# All Balanced Parentheses Strings

Print all strings consisting of `n`

balanced parentheses.

**Edit 2017-05-17.** Added implementation in Golang.

For example, the strings consisting of three balanced parentheses are the following.

**Input.** The input consists of a sequence of numbers, one on a
line of its own, followed by EOF. The following is an example input.

**Output.** For a given input, the output consists of one of more
sequences of balanced parentheses strings. Each sequence corresponds
to a number in the input. The sequences appear in the order
determined by the input numbers. Each sequence need not be sorted.
The strings that belong to a given sequence must not be repeated. For
example, the following is the output that corresponds to the previous
example input.

# Solution

The structure of any given string consisting of `n`

balanced
parentheses obeys the following three rules.

**Rule 1.** The first position in the string consists of an opening
parenthesis.

**Rule 2.** A given position in the string may consist of an opening
parenthesis when there are less than `n`

opening parentheses in the
previous positions. For example, consider the fourth position of
the following string.

The opening parentheses at the fourth position is
allowed because there are only 2 opening parentheses in prefix
`(()`

.

**Rule 3.** A given position in the string may consist of a closing
parenthesis when there is an unmatched opening parenthesis at some
previous position. For example, consider the fourth position of the
following string.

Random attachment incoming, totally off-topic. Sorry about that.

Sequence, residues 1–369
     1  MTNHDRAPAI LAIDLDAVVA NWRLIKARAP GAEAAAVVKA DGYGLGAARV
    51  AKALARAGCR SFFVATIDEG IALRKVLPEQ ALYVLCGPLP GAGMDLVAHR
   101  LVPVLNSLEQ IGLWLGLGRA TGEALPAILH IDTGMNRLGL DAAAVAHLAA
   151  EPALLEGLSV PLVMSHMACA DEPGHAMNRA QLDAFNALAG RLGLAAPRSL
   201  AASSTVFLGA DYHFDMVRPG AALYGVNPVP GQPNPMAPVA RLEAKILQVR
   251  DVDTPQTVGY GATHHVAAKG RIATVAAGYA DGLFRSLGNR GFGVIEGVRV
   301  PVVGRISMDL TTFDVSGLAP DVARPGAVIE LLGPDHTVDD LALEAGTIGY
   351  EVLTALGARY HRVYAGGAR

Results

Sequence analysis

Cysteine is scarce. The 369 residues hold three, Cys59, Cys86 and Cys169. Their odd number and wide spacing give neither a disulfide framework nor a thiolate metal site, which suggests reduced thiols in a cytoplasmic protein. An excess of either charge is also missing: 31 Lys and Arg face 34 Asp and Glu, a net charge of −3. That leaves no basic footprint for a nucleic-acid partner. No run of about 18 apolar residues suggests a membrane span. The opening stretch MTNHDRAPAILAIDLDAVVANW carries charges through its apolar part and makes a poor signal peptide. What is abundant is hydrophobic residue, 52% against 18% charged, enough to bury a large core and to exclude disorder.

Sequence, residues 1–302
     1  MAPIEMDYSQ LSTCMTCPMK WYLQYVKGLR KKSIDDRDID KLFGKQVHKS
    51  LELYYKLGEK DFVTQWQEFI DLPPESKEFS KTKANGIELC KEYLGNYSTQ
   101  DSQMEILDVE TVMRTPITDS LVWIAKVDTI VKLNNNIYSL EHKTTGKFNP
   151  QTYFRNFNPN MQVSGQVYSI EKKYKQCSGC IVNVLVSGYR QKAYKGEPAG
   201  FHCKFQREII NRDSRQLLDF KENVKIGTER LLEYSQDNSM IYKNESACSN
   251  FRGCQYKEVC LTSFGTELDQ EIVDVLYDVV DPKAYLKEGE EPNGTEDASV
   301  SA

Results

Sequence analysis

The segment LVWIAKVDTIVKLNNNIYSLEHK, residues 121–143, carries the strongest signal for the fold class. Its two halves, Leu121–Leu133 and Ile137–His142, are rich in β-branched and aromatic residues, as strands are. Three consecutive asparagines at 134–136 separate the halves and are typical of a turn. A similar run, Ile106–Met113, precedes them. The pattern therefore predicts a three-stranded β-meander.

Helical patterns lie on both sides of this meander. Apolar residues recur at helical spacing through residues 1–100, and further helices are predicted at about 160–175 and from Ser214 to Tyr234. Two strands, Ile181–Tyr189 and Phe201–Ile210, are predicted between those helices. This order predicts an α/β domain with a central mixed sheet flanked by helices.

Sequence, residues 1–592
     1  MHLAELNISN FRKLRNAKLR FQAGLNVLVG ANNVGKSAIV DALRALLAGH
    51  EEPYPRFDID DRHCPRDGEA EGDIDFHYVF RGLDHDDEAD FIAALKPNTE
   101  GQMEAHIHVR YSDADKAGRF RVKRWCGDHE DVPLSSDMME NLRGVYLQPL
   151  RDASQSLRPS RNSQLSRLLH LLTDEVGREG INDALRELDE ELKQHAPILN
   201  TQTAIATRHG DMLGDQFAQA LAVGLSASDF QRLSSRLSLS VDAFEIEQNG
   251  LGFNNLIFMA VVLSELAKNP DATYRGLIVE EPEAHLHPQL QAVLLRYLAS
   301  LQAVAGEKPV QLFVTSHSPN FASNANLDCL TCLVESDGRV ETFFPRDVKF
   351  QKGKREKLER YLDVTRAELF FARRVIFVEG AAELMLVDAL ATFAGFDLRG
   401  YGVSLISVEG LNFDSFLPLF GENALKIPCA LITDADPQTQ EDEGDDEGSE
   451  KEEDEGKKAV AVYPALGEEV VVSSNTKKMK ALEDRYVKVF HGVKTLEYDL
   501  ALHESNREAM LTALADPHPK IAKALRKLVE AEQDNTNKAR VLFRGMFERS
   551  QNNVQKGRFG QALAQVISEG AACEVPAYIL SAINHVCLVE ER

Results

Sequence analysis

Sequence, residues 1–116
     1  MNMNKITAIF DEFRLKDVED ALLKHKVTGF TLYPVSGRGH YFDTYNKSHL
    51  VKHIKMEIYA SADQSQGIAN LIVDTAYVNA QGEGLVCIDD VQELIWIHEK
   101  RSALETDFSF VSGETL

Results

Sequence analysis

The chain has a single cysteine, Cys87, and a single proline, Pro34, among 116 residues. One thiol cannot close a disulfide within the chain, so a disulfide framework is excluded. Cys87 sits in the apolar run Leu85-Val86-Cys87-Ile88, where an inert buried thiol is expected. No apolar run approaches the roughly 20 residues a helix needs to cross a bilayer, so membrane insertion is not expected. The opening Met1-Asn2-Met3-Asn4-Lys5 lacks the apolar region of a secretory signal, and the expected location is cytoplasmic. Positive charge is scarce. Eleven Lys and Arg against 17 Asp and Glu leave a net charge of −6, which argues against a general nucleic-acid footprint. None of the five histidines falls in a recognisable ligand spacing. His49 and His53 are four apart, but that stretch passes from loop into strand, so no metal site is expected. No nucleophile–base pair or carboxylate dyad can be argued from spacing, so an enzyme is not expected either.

The closing parenthesis at position 3 is allowed because the opening
parenthesis in the first position is unmatched in prefix `(()`

.

Our approach to enumerating all balanced parentheses strings of length
`n`

consists in applying the rules from left to right until we output
`n`

pairs of parentheses and then backtracking at each position where
more than one option is possible. To illustrate our approach,
consider the following tree of rule applications for `n = 3`

.

Consider the path highlighted in red. The path leads to the following string.

The first position of the string corresponds to the first transition
from left to right and also to Rule 1. The second position may be an
opening or closing parenthesis, so we choose an opening parenthesis.
For the third position we have the same choices, so we choose a
closing parenthesis. Something similar happens for the fourth
position. At this point, the last two positions must be closing
parenthesis because we have used 3 opening parentheses and there are
two unmatched opening parentheses in prefix `(()(`

.

To apply the rules correctly, we remember the number of opening parenthesis still available and the number of unmatched opening parenthesis as we build each string from left to right. To illustrate the building of each string, we decorate each transition of our previous tree with the number of opening parenthesis available to the next node. On top of that number, we write the number of unmatched opening parenthesis for the next node.

Consider the transition highlighted in red. In that transition, number 2 indicates that there are 2 unmatched parentheses available to the next node and number 1 indicates that there is 1 more opening parenthesis available to the next node.

# Implementation

We implement the application of rules in Ruby and Golang.

Our Ruby implementation is the following.

Our Golang implementation is the following. You will find a corresponding Makefile here.

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